I went on to say that Herbarium is the “home herbarium for the Vascular Flora of the Pacific Northwest, the standard reference manual for plants of a large region encompassing all of the state of Washington, much of Oregon and parts of Idaho, Montana, and British Columbia. The Herbarium houses many historically important collections that were critical for the preparation of the Flora, but no systematic collecting of the region encompassed by the Flora has occurred since the middle of this century. The role of a regional herbarium should be to provide a continual record of the flora of the region it covers. Concerns about biodiversity and the state of our native flora have increased dramatically during the time since the Flora was written, but our collections essentially represent a still picture of its status at that time. To this end, it is my hope that during the coming years we will visit all of “our” region with organized collecting in mind, to update our collections.” The announcement wrapped up by noting: “I think this will be a fun and productive outing that can help build a community around the Herbarium and its role in documenting the biodiversity of the Pacific Northwest. Please contact me if you are interested in participating.”
At the time I wrote that, I don’t think I would have believed that, 20 years and 21 forays later, all that I had hoped for and more has been accomplished and that the Foray program has become central to so much that we do in the Herbarium today.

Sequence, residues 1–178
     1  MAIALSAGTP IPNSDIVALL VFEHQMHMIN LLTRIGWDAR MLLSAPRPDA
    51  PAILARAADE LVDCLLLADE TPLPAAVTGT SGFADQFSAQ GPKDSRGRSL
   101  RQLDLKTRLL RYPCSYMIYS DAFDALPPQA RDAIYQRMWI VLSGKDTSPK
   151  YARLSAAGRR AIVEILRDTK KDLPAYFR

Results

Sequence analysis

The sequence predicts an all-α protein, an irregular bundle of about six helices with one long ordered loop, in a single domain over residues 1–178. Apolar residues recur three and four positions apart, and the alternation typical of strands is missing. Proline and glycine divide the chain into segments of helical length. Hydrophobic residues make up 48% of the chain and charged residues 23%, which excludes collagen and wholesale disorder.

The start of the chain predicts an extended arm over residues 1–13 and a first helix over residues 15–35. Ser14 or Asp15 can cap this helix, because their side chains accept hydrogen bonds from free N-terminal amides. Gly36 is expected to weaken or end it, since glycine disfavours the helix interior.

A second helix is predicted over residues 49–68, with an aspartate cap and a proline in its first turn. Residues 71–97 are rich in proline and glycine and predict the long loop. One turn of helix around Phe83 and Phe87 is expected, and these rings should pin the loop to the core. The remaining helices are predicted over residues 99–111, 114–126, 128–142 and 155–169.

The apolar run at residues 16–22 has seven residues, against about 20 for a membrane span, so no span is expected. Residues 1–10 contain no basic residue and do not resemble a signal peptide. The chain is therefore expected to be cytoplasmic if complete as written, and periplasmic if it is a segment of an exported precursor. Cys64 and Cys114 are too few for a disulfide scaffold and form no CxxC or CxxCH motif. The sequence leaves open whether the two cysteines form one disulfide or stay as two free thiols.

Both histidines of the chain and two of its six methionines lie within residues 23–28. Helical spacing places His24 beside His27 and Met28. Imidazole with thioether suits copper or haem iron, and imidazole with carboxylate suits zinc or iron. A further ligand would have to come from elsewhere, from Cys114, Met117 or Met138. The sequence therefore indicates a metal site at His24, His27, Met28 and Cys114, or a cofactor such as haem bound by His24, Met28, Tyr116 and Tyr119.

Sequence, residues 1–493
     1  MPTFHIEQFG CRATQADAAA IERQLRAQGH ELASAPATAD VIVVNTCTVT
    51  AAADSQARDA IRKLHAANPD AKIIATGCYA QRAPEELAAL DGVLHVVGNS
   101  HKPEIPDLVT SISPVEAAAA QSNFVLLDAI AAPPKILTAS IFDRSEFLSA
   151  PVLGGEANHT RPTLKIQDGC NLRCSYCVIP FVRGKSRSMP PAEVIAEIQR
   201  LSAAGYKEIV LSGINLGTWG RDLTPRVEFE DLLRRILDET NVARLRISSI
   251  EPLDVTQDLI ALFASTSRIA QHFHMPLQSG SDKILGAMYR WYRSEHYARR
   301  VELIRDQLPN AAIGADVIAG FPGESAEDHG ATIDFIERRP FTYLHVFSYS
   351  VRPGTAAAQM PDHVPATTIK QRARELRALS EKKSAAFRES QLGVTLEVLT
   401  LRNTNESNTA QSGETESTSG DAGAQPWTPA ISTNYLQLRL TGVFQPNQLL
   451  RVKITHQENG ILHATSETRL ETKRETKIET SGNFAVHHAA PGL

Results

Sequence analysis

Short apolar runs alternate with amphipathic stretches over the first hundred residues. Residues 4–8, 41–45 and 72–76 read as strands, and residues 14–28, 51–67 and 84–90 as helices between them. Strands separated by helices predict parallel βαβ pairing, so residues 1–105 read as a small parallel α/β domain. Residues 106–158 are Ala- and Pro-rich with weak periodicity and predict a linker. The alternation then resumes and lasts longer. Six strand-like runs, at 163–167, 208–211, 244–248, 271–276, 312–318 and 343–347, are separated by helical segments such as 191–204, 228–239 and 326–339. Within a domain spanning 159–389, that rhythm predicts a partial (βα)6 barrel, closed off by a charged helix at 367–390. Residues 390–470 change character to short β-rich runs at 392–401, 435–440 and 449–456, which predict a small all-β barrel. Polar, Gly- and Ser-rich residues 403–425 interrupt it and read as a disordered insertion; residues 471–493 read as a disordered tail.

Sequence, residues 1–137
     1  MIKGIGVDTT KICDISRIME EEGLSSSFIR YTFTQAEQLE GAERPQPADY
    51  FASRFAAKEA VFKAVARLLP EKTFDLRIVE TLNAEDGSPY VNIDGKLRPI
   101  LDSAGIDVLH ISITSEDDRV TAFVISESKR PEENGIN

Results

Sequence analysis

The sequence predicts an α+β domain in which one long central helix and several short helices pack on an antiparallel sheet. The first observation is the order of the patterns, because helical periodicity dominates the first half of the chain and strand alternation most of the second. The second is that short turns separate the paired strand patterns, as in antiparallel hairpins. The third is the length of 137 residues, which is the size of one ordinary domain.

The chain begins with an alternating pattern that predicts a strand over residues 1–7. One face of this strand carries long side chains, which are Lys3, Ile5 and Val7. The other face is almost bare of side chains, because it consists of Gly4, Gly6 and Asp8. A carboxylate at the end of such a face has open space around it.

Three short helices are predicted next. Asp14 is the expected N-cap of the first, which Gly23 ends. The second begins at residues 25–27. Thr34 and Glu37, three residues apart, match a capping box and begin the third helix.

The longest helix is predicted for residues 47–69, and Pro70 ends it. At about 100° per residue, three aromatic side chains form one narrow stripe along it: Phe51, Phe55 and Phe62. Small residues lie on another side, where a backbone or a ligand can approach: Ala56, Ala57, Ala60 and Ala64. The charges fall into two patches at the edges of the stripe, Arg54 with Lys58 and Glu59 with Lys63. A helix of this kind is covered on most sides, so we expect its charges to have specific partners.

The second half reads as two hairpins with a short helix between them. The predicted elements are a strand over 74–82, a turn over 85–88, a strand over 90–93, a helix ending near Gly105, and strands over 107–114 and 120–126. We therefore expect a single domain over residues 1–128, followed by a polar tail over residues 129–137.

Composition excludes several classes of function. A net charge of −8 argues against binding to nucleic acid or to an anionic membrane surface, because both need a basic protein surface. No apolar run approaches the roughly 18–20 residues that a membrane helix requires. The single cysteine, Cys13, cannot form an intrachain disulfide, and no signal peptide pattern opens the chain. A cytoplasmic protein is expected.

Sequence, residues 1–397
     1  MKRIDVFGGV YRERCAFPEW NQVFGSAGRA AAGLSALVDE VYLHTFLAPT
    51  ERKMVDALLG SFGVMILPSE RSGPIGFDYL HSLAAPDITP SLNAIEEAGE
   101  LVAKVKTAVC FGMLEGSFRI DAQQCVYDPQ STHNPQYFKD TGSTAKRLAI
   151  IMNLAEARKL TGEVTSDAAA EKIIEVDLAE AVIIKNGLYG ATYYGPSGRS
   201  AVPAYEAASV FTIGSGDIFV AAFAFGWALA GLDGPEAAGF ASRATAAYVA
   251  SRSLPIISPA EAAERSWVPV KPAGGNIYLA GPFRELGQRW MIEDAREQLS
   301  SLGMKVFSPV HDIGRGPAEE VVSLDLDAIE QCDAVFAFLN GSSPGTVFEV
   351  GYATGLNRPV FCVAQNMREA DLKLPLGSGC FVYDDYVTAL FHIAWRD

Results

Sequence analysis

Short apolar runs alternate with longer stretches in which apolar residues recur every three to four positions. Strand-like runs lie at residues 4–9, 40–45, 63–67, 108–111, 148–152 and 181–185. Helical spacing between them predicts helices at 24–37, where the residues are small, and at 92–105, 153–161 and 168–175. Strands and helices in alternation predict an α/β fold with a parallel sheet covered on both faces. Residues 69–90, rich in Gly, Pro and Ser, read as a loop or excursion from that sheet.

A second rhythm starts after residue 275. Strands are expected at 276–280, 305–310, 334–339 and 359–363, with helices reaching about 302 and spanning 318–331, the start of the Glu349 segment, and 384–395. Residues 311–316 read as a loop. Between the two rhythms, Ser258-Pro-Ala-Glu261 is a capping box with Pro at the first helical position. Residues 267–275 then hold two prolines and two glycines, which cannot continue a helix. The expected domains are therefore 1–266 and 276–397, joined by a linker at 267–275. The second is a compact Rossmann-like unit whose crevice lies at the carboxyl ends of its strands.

Fred Weinmann pressing yellow pond lily, Nuphar polysepala.
Doug Williams and Alex Harkness build a plant press at Big Hole River, Montana, in 2014.
Robert Goff and former Plants & Fungi Collections Manager Sarah Gage plan where to collect for the day in the late 1990s.
Sheila Olmstead pressing shrub honeysuckle (Lonicera involucrata).
A total of 172 individuals have joined our “community” by participating in forays and over 12,000 specimens have been collected, most of them in triplicate for exchange with other herbaria. Collecting and documenting our regional flora has once again become an important mission of the Herbarium, with growth rates comparable to those of the Hitchcock years.
The development of a specimen database (subsequently integrated into a regional Consortium of Pacific Northwest Herbaria data portal) and an image library (with over 56,000 photos, species descriptions, and range maps) has led to a project to revise Hitchcock & Cronquist’s Vascular Flora of the Pacific Northwest with an anticipated publication date in 2018.
The Foray has grown and matured in those 20 years, but its mission remains the same, and I look forward to the next 20 years of documenting our regional flora and finding new ways that information about the plants we collect for the Herbarium can be applied to both scientific research and projects that benefit the public.
Watch Richard's presentation about the 20th year of the Herbarium Foray Program here.
*Collections database funding supported by the Washington State Department of Natural Resources (DNR) and the National Science Foundation (NSF).